SAATTB a cappella
Lament is recorded on the Naxos CD, In the Heart of Things, recorded by Commotio and Matthew Berry
Fragments of this little piece rattled around in its composer’s head (as a setting of this poem) for many years before coming into sharper focus with the death of Staff Sergeant Olaf Schmid in the Sangin District of Helmand Province, Afghanistan, on 31 October 2009, while attempting to defuse an improvised explosive device (IED). He had been about to return home from his tour of duty and had spoken to his 5-year-old stepson only hours before his death. After this he had appeared uncharacteristically agitated for a time, and it is hard not to imagine a degree of premonition, though that will remain forever undiscovered.
I did not know Olaf Schmid, but became aware that he had lived a few minutes’ walk from my own home on the edge of Winchester. To many the quiet heroism of all he did and stood for is largely beyond the scope of comprehension, and my wife and I were moved like most other people by the dignity of his family following his death. Later I learned that for part of his childhood he had been Head Chorister at Truro Cathedral. A New College chorister myself, I had served as an adult lay clerk in Winchester Cathedral Choir for ten years until 2001.
The idea for this modest setting originated from a feeling that the words of Laurence Binyon heard every Remembrance Day may begin to wash over us out of sheer over-familiarity. Moreover, although Binyon himself was a surprising and intriguing liberal thinker (from 1913 he presided over the British Museum’s new Department of Oriental Prints and Drawings and he was instrumental in promoting the work of Ezra Pound in the UK), the poetic conventions of his time can mislead us into sensing a blinkered, imperialist romanticism behind those words, but this is far from the truth.
I had known Wilfrid Wilson Gibson’s poem for some time through an ancient anthology of verse written during (not always about) the Great War, and had responded to a tone in it which seems gentle, personal and largely timeless by comparison with the more public, oratorical words of Binyon, whom Gibson knew (his granddaughter, Judy Greenway, has informed me how in later life Gibson wrote to Binyon that he was the only like-minded friend to whom Gibson felt he could confide his anguish about the waste and bloodshed of war). The low-key simplicity of Gibson’s little poem, sorrowful but also consolatory in its exhortation to keep the departed alive in the hearts and memories of those who miss them, seems to me to make it a fitting vehicle to commemorate the fallen in any time or place; accordingly, dedication of this setting to the memory of Olaf Schmid is both specific and more widely emblematic. My hope is that the music and, hence, this forgotten poem may gradually find a regular place as a suitable, in some ways more private and personal foil to Binyon and various settings of his famous lines (earlier I made one myself). At the time of writing, Olaf Schmid’s widow, Christina Schmid, has been contacted via Help for Heroes (to whom any royalties arising in future from this piece will go), but has yet to respond; the dedication on the score ‘To the memory of Staff Sergeant Olaf Schmid, G.C.’ is therefore inscribed at present without permission.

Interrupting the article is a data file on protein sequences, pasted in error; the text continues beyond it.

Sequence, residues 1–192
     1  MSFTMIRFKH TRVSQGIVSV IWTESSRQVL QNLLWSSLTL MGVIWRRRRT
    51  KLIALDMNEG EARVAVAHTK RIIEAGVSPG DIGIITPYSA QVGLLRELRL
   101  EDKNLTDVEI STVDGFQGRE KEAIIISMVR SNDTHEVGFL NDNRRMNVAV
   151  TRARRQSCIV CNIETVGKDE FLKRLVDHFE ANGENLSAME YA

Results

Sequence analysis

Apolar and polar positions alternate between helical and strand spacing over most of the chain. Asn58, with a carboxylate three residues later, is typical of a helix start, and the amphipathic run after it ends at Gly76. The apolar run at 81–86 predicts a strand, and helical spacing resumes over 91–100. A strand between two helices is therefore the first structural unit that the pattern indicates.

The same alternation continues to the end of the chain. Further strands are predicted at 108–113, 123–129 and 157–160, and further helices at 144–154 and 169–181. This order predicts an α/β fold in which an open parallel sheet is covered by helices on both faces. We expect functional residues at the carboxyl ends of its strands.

Thanks are due to Harriet Sanders of MacMillan for negotiating rights to Gibson’s poem (he lived until 1962), and especially to his granddaughter Judy Greenway, herself an academic at the University of Greenwich, for her kind, interested and supportive response to my enquiries prior to this.
© Francis Pott, 2011
We who are left, how shall we look again
Happily on the sun or feel the rain
Without remembering how they who went
Ungrudgingly and spent
Their lives for us loved, too, the sun and rain?
A bird among the rain-wet lilac sings –
But we, how shall we turn to little things
And listen to the birds and winds and streams
Made holy by their dreams,
Nor feel the heart-break in the heart of things? Wilfrid Wilson Gibson [1878-1962]
‘Lament’ from ‘Whin’ by Wilfrid Gibson, Pan Macmillan, London 1918.
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